"The best thing about James is that he's such a quiet competitor," Herbert said, noting there wasn't the slightest bit of ego despite his accomplishments. "Sometimes guys can get ahead of themselves when they have success early. James is a breath of fresh air.

"He's a guy who's only gotten hungrier. He attacks the weight room. The wideouts and tailbacks train together and James and Montee are pretty much side-by-by side with everything that goes on. It's been fun to watch them together because they've been pushing each other."

Casey Dehn, a redshirt sophomore from Owatonna, Minn., underlined the depth that the Badgers have been building on the offensive line when he started at right tackle against Austin Peay for the injured Ricky Wagner. Dehn also saw some playing time in a handful of other games in 2010.

A year ago, Dehn weighed 301.

Today, he's 330.

"My man has made some significant gains," Herbert said, "and it's 30 pounds of good weight."

Herbert singled out Wagner, Travis Frederick, Peter Konz, Kevin Zeitler and Ryan Groy, among others, for setting higher standards in the weight room. "As a group," Herbert said, "they're as physically gifted as any group that I've seen here. The key is doing it on the football field."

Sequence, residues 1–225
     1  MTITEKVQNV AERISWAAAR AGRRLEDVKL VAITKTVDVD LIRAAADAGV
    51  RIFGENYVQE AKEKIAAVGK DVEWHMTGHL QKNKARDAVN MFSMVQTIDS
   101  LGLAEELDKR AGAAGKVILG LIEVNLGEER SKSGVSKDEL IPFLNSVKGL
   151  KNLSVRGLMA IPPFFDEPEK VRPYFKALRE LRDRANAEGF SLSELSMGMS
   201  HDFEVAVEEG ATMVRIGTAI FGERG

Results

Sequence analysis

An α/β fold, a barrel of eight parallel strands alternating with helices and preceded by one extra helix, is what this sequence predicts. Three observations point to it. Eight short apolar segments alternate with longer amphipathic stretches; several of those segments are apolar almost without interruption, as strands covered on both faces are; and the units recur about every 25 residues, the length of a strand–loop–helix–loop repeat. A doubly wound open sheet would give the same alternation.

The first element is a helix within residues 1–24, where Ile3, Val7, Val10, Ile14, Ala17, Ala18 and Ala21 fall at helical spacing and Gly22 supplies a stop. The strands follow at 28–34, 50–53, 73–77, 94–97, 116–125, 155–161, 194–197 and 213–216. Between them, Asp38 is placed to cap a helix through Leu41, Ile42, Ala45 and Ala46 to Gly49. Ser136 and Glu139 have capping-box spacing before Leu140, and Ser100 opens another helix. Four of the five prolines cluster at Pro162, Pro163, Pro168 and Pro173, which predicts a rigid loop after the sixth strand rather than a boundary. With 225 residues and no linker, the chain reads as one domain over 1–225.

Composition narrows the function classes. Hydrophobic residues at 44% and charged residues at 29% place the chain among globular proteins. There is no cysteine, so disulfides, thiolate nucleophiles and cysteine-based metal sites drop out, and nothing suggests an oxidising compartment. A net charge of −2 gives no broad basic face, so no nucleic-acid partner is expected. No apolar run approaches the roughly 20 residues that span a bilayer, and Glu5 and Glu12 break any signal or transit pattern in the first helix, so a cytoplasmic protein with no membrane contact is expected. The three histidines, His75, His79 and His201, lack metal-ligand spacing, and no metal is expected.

Rob Havenstein, a redshirt freshman, has shed about 30 pounds according to Herbert. Along with Dallas Lewallen, another redshirt freshman, he has shown great promise in his development. Lewallen has taken reps at right guard and Havenstein at right tackle on the second team offense.

Herbert delivers the same message to every member of every position group. "Take what you've done in the weight room and apply it to the field," he said. "We're not a weight lifting team. Apply it. If you're a guy who attacks the weight room, then you'd better be attacking people on the football field."

Herbert indicated that the linebackers, as a group, have made meaningful gains during the winter. That includes starter Mike Taylor, who has bumped his weight to 229. On the defensive line, Ethan Hemer is up to 300, Pat Muldoon is around 265, while Beau Allen has dropped from 340 to 321.

Not so long ago, Herbert received an email from someone who formerly worked in strength and conditioning at the UW. A walk-on was recommended. "She asked, `Can he come in and meet you?'" Herbert related. "I said, `Sure' and he popped in one day and introduced himself.'"